Such a worldview is understandable on the grounds of geopolitical and historical grievances, but remains in part an emotional assessment. And when feelings act as information, they simply create an “aspired reality” and veil the objective one.
The truth is that climate change is not a West-only problem and the assumption that Arabia is on the cusp of a new climatic cycle that will eventually turn it into lustrous meadows may be premature.
"Overall, the Middle East is one of the world’s hotspots for climate change. The region has been warming at twice the speed of the global average"
What we know so far is that there is an increase in extreme rainfall events in the northwest, east, and southwest regions of Saudi Arabia. Certain regions in the Arabian Peninsula receive their annual rainfall in only a few days, in the form of intense bursts of rain. However, the overall annual rainfall has decreased significantly over the period between 1994 and 2009, according to a 2020 study.
The same study suggests that between 1960 and 2010, temperature increased by 0.10C per decade. Rising temperatures and increased evaporation rates will likely lead to the depletion of scarce water resources critical to the region’s peoples. Unless the regional governments take meaningful measures to reduce greenhouse emissions, warns a 2015 paper in Nature Climate Change, parts of Arabia will likely be too hot for human habitation within 80 years.
Overall, the Middle East is one of the world’s hotspots for climate change. The region has been warming at twice the speed of the global average. Adding to the global decrease in the average rainfall, the Middle East already suffers from water scarcity. It is, in fact, the home of 12 of the world’s 17 most water-stressed countries. According to the World Bank, water scarcity will cost the region’s countries, most of which are already under huge economic strains, 6-14% of their GDP by 2050.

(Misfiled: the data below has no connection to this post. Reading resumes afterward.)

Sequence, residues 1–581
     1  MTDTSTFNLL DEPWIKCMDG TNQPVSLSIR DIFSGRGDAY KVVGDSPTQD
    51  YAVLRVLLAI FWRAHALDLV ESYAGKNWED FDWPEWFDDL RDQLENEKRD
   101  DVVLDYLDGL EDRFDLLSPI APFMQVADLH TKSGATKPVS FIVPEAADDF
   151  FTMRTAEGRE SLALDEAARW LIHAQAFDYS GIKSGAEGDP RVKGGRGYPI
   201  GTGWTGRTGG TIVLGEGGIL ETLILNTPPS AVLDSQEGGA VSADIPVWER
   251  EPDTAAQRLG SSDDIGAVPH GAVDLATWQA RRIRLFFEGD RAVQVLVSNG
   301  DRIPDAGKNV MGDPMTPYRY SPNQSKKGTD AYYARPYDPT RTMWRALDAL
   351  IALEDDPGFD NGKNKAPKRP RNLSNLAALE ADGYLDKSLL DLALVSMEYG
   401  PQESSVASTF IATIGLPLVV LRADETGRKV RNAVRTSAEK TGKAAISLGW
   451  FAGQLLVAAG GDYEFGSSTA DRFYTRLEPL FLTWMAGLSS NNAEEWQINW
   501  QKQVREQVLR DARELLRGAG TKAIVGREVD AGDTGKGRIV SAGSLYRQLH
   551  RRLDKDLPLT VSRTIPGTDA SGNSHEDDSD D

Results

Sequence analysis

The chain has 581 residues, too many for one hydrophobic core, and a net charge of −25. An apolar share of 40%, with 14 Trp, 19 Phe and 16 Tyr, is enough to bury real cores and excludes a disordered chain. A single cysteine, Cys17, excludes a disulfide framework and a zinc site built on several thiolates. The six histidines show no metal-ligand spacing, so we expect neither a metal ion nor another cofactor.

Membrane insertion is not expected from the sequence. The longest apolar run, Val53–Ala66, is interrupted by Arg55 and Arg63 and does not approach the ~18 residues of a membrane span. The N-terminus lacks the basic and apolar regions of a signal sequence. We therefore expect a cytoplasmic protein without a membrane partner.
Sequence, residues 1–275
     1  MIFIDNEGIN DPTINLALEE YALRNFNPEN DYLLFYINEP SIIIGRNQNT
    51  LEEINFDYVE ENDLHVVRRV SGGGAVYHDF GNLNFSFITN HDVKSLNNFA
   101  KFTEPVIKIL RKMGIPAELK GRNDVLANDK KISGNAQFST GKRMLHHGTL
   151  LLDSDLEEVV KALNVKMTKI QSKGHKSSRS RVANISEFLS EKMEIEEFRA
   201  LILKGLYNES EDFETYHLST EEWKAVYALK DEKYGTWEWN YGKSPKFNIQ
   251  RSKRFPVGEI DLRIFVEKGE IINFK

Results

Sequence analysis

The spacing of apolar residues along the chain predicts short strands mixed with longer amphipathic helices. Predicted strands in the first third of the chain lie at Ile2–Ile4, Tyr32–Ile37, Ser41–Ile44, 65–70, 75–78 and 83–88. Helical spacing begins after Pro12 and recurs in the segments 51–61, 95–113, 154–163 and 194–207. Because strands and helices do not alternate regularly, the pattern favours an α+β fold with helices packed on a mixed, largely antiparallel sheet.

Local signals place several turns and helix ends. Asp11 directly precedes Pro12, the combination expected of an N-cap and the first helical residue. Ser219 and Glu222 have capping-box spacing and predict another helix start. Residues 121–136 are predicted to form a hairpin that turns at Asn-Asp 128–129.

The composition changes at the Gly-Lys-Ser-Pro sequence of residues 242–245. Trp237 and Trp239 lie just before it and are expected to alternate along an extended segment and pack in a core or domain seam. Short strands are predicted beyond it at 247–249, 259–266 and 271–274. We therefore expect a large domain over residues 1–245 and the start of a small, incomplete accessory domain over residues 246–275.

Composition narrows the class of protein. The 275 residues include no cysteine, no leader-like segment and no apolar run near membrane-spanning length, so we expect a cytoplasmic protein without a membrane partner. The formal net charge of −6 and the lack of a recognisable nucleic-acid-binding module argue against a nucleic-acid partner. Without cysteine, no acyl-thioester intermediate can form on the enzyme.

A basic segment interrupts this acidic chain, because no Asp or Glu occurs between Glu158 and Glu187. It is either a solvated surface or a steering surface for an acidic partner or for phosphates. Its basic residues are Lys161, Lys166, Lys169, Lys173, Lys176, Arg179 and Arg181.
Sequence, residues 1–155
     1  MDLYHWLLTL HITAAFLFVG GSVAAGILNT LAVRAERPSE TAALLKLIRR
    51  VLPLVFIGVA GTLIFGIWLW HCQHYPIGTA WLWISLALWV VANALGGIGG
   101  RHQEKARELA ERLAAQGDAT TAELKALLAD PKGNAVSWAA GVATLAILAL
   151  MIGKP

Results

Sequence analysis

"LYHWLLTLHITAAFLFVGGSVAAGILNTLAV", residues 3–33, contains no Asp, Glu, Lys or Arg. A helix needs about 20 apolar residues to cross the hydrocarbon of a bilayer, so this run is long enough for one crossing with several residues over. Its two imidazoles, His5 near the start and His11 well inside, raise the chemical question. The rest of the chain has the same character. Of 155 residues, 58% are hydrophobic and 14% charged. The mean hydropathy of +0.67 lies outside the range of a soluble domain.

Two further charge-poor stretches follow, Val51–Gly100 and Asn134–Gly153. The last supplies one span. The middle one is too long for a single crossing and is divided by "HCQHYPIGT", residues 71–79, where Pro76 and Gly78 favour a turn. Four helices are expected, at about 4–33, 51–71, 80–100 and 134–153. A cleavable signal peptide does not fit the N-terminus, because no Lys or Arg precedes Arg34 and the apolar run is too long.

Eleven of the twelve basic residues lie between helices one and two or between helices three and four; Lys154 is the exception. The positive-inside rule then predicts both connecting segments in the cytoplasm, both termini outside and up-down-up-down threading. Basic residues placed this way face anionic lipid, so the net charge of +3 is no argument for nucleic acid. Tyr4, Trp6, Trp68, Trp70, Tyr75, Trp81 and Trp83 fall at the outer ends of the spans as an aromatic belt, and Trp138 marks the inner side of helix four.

Not to mention that climate change will intensify the regional powers’ competition over resources and exacerbate conflicts, driving hundreds of people out of their homes and, ultimately, impacting global peace and stability.
The increasingly menacing weather conditions are systematic and not necessarily negated by the occasional intense rainfall in certain areas. Torrential rain may well be an anomaly and not a pattern repeated every year or season. What happened in the Empty Quarter was similar to what happened in Egypt three years ago, where years worth of rain fell within hours causing unprecedented flash flooding and extensive infrastructure damage. Since, Egypt’s precipitation levels remained at their annual average or below.
The hard data does not leave much room for wishful thinking or metaphysical interpretations. It most certainly takes away from the schadenfreuders any reasons for celebration.
When the UK is hit by record temperatures, the Rhine dries up, and drought kills crops and cattle across the European continent, this is not a Europe-only problem. And most certainly not a reason to settle political scores.
What happens in Europe does not remain in Europe.
Schadenfreude or not; it makes no difference.
Dr Emad Moussa is a researcher and writer who specialises in the politics and political psychology of Palestine/Israel.
Follow him on Twitter: @emadmoussa
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Opinions expressed in this article remain those of the author and do not necessarily represent those of The New Arab, its editorial board or staff.